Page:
Myth 10: Marine Conservation Agreements create conflicts with existing rights held by native peoples, the public and private entities.
Fact 10: While there are several existing rights to be aware of, fewer conflicts occur between Marine Conservation Agreements and existing rights than occur between other private uses of the ocean and existing rights.
Marine Conservation Agreements (MCAs) often support many of the goals of native peoples, the public and private entities in ocean and coastal areas because MCAs are for non-profit purposes that improve environmental conditions for all to enjoy. Private commercial, residential and recreational entities, however, have used lands and resources lying within ocean and coastal waters for centuries, often for purposes that degrade the environment. In many cases, these private uses have also fully excluded native peoples, the public, and private individuals from the areas of their operations.
Actions undertaken through MCAs are usually compatible with and in many situations improve the rights of native peoples, the public and private individuals, so there is little reason why private conservation organizations should have fewer opportunities than private commercial, residential and recreational entities simply because there are real or perceived conflicts. Having established this, conservation organizations should always attempt to maximize collaboration and compatibility with groups that have existing rights.
- Native peoples' rights: Native peoples (such as Native American Indians, Eskimos, and Native Hawaiians) may have rights and privileges to marine lands and resources that other public and private entities do not have. It is vital to understand if such rights exist to lands and resources targeted for conservation. In most cases, acquisition or management of rights through some form of MCA should not (and legally cannot) affect the rights of native peoples, unless the acquisition or management is made directly through the native peoples themselves. Otherwise, conservation organizations may hold perfectly legal leases or deeds to areas, but the rights of native peoples to fish, hunt, and gather (among other possible rights) may continue to exist on the sites. The rights of native peoples can be complicated and vary from location to location and from group to group. Many of the rights may be determined through treaties, tradition and court determinations. If such rights exist, it will be important to work with the relevant groups to determine common goals for the lands and resources and if the conservation activities of the private organization can co-exist with the rights of the native peoples. Ultimately, conservation goals of private organizations may serve to improve the lands and resources that native peoples value and use.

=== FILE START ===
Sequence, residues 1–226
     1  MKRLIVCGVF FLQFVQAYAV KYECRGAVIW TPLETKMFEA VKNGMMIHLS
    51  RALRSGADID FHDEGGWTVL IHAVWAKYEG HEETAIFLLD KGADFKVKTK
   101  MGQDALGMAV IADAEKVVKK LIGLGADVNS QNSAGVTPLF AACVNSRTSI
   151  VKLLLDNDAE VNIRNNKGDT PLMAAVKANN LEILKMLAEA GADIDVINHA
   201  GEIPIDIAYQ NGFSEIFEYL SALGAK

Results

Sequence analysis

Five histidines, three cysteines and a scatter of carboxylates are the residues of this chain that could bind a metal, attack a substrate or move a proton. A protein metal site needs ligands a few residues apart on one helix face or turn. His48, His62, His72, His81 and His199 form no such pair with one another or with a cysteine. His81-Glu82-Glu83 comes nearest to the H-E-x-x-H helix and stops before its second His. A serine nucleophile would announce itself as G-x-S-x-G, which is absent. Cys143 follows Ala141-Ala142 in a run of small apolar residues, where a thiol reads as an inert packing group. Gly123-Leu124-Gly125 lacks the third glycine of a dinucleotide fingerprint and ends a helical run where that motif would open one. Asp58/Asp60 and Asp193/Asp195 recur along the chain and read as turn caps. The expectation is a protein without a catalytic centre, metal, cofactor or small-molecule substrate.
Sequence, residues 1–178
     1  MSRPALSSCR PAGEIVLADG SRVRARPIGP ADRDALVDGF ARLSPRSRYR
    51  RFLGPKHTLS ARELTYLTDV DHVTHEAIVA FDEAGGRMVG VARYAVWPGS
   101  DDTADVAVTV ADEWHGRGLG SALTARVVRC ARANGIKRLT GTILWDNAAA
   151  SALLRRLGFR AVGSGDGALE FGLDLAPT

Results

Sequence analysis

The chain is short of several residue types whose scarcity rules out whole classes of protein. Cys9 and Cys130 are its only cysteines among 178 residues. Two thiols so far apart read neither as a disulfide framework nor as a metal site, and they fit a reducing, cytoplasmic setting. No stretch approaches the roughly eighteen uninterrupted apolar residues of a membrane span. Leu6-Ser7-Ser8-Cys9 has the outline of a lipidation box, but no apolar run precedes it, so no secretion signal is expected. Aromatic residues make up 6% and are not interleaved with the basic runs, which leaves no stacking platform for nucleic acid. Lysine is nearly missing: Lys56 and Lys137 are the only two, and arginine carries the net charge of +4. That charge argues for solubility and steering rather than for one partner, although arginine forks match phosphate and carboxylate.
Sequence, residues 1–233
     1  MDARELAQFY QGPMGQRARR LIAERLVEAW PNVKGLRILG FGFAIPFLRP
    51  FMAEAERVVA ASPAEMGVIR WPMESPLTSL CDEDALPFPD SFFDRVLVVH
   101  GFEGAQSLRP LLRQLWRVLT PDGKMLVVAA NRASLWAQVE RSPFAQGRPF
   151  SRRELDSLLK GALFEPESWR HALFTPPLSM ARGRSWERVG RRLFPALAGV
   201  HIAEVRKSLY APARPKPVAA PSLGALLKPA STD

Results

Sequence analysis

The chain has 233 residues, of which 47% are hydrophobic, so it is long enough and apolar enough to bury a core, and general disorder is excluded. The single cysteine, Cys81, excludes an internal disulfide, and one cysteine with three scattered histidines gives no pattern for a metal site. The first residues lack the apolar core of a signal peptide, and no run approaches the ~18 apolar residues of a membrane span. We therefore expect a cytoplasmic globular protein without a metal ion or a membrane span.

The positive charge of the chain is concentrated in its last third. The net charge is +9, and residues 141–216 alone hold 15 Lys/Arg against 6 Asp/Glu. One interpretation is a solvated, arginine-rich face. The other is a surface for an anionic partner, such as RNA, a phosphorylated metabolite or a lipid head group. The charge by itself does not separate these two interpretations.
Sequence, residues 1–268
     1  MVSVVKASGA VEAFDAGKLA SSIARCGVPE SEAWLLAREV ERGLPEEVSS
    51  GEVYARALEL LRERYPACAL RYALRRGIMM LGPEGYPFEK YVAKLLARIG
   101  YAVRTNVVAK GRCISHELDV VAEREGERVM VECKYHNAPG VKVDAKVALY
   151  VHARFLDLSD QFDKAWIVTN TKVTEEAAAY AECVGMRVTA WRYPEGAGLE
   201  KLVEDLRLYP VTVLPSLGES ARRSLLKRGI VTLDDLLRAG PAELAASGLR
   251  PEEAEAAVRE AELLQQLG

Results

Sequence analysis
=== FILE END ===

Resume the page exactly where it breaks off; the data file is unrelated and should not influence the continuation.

- Public rights: The general public may also have rights to lands and resources lying below the high tide line. In the United States, these public rights stem from the public trust doctrine, which traditionally reserved the public rights of fishing, fowling, and navigation. However, each state in the U.S. has interpreted and applied the public trust doctrine somewhat differently. As a result, the exact rights afforded the public are state-specific, but can include activities such as fishing, fowling, navigation, public access, public recreation, commerce, environmental protection, and water quality. Similar to the rights of native peoples, the rights of the public to lands and resources lying below the high water line may exist regardless of whether the site is otherwise used by a private entity. If this is the case, private organizations should evaluate if they can meet their conservation objectives on sites given the public rights that continue to exist there. If they cannot, organizations should then determine: 1) if they will be more successful at other sites; 2) if they want to attempt to exclude the public from exercising their rights on the sites; or 3) if they want to use Alternative conservation strategies. While exclusion of public rights is possible in many situations (it is often done for private commercial operations), it can be controversial and complicated. As such, limited or full exclusion of the public should be carefully considered. As with the rights of native peoples, the conservation goals of private organizations may serve to improve the lands and resources that the public uses. For more information, a training course is available on the public trust doctrine.
- Private rights: There is often a presumption by private entities and individuals that they hold inherent rights to lands and resources lying below the high tide line. However, if the private entities or individuals are not adjacent upland owners, or lessees or owners of intertidal or subtidal lands and resources, then there are usually no or extremely limited private rights to ocean and coastal lands and resources. For example, claims by private entities that they have the right to lease public submerged lands for aquaculture or moorage purposes are often unfounded. These claims may be caused by long-held beliefs about the proper use and purpose of submerged lands as opposed to existing private rights. Adjacent upland owners can be the exception. In many states, and possibly some countries outside of the U.S., adjacent upland owners may hold littoral rights to coastal areas. Littoral rights are state and country-specific, but often include rights to wharf out, harvest or cultivate shellfish, and to access the water via navigation. Private organizations seeking to enter into MCAs should determine if nearby landowners have littoral rights that may be incompatible with their conservation objectives. If possible, organizations should work cooperatively with adjacent landowners to determine and fulfill mutual goals for the areas.